Myocardial fibrosis and its relation to adverse outcome in transposition of the great arteries with a systemic right ventricle.Int J Cardiol 2018; 271:60-65IJ
Myocardial dysfunction has been implicated in gradual heart failure in transposition of the great arteries (TGA) with a systemic right ventricle (RV). Fibrosis can be assessed using the extracellular volume fraction (ECV). Our aim was to measure ECV and determine its associations with clinical findings and outcomes.
We prospectively measured ECV in systemic RV subjects (either D-loop after atrial switch or L-loop) and healthy controls. T1 measurements for a single mid-ventricular short-axis plane before and 3, 7, and 15 min after gadolinium contrast were used to quantify systemic ventricular ECV. Individuals with elevated ECV were compared to those without.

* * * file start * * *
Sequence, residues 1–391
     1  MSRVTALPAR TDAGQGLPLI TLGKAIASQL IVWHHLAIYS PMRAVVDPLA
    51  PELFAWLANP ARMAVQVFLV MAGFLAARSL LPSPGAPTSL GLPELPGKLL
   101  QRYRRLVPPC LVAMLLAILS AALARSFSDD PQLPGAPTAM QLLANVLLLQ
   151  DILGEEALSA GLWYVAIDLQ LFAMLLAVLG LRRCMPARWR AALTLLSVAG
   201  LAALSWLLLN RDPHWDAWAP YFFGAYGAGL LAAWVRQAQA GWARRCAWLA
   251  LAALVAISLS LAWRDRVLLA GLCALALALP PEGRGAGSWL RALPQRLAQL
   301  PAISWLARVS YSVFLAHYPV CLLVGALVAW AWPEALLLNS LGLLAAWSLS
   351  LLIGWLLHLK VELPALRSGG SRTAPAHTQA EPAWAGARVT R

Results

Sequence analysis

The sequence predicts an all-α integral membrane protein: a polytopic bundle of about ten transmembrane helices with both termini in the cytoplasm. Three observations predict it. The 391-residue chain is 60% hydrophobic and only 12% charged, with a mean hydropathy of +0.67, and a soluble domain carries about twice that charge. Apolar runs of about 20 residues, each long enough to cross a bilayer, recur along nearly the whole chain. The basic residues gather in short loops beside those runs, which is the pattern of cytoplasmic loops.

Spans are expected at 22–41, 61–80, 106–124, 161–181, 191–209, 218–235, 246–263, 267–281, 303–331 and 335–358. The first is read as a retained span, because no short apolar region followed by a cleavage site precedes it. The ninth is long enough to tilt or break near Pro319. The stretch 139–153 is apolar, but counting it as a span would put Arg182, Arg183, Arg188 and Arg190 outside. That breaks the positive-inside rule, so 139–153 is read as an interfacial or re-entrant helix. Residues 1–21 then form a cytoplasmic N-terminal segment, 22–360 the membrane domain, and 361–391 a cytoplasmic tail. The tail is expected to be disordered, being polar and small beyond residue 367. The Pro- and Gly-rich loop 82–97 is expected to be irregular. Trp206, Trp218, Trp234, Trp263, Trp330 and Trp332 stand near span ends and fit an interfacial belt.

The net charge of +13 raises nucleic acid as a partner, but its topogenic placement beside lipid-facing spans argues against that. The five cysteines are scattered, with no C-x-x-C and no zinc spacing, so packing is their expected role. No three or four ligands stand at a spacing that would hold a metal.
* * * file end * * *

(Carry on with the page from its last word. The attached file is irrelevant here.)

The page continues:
In 53 TGA subjects (age 34.6 ± 10.3 years, 41% female) the mean ECV for the systemic RV (28.7 ± 4.4%) was significantly higher than the left ventricle in 22 controls (26.1 ± 2.8%, P = 0.0104). Those with an elevated ECV (n = 15, 28.3%) had a higher b-type natriuretic peptide (BNP) (P < 0.011) and a longer 6-min walk distance (P = 0.021), but did not differ by age, arrhythmia history, ventricular volume, function, or circulating collagen byproducts. At follow-up (median 4.4 years), those experiencing major cardiovascular endpoints (new arrhythmia, arrhythmia device, heart failure hospitalization, listing for transplantation, mechanical support, or cardiovascular death, n = 14) had a higher ECV. ECV, age, and BNP were independent predictors of cardiac events in Cox-proportional hazard models.
Myocardial fibrosis is common in the systemic RV and associated with a higher BNP. Elevated CMR-derived ECV was associated with adverse clinical outcome. The findings suggest a role of diffuse myocardial fibrosis in clinical deterioration of the systemic RV.